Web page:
A 60-year-old gentleman who had previously undergone a right nephrectomy for renal cell carcinoma was admitted electively for a left adrenalectomy due to metastatic disease. Prior to this he had been treated with immunotherapy (Sunitinib) and radiotherapy for pulmonary and bony metastases respectively. He was given perioperative cover with hydrocortisone. A short synacthen test (SST) performed the morning after discontinuing hydrocortisone showed a baseline cortisol of 406 nmol/l rising to 469 nmol/l at 30 min and 555 nmol/l at 60 min. He was clinically euadrenal, so it was decided that he did not require further hydrocortisone. He was discharged home 3 days later. Three weeks later, he presented with profound nausea and tiredness. On examination he had postural hypotension. Plasma sodium was 129 mmol/l, potassium 4.4 mmol/l and random cortisol 689 nmol/l. He was started on hydrocortisone 20 mg, 10 mg, 10 mg and fludrocortisone 100 mcg once daily. His symptoms resolved over the next 48 h, and the hydrocortisone was reduced to 10 mg, 5 mg, 5 mg prior to review in endocrinology out-patients. At out-patient review, it was noted that the baseline ACTH from his earlier SST was elevated at 52.0 ng/l suggesting subclinical hypocortisolaemia. The dose of his hydrocortisone was increased to 15 mg, 10 mg, 5 mg, as he is about to start further immunotherapy (Bevacizmab). We present a case of what we believe to be adrenal toxicity due to Sunitinib, with clinical findings and investigations suggesting predominantly mineralocorticoid deficiency. Adrenal toxicity with Sunitinib has been reported previously in animals but not humans. Such subclinical toxicity may be difficult to detect unless unmasked by physiological stressors. We highlight the importance of knowing both a baseline ACTH and peak cortisol when interpreting a SST, and also the difficulty in determining what is an appropriate random cortisol in an acutely unwell patient. Another potential explanation for the discordance between cortisol results and his clinical state is abnormal cortisol binding globulin levels, which must be considered.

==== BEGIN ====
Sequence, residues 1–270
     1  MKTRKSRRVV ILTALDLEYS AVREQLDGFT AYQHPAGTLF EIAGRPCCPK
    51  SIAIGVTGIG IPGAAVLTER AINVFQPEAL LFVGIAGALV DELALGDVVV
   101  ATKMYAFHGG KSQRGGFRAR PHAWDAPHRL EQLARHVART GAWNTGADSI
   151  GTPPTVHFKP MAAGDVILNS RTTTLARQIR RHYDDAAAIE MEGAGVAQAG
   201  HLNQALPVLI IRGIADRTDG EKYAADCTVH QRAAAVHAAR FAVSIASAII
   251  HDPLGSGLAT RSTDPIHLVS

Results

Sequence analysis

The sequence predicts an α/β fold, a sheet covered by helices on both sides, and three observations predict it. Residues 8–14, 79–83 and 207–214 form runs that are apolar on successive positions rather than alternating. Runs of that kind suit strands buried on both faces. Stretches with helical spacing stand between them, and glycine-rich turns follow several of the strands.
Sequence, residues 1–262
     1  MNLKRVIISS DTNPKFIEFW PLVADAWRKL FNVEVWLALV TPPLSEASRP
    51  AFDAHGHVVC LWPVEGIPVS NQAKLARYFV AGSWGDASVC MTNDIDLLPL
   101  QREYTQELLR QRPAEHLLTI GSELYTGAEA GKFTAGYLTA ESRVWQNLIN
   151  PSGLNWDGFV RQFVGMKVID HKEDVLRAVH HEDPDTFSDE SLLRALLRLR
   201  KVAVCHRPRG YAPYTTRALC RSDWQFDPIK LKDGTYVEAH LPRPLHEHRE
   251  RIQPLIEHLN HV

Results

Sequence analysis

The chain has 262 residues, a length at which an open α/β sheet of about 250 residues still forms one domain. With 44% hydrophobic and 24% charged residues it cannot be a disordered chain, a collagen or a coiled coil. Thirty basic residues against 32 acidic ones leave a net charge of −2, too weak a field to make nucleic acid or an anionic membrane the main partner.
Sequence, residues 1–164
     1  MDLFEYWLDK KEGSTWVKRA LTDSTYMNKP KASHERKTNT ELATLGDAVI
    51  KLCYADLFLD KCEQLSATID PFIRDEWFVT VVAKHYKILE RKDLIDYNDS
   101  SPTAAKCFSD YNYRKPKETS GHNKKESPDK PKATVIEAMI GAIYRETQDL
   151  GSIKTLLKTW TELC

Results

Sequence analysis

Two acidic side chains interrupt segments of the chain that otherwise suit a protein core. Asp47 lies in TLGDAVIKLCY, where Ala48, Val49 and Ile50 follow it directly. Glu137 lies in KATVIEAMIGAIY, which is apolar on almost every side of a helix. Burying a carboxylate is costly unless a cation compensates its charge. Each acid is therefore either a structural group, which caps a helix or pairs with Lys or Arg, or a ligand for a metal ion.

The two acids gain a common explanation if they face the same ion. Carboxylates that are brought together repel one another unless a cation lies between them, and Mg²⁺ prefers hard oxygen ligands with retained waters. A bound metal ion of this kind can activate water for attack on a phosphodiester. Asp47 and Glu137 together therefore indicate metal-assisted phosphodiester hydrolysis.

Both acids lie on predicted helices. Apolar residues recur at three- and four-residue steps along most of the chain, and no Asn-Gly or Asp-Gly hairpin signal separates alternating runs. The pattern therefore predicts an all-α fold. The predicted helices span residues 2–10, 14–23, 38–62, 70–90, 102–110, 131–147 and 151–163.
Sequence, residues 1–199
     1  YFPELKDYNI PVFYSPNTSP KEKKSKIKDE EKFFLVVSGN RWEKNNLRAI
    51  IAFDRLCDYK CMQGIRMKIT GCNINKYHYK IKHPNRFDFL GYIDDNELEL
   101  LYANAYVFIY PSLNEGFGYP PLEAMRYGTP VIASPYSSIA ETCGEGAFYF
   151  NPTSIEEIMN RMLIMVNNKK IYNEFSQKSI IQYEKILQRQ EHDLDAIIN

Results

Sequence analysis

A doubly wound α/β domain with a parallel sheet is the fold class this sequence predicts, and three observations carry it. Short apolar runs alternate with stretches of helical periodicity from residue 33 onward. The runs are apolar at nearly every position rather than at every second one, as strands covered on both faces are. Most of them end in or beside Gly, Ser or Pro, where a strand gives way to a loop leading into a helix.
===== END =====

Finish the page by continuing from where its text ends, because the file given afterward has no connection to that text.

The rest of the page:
12 Dec 2008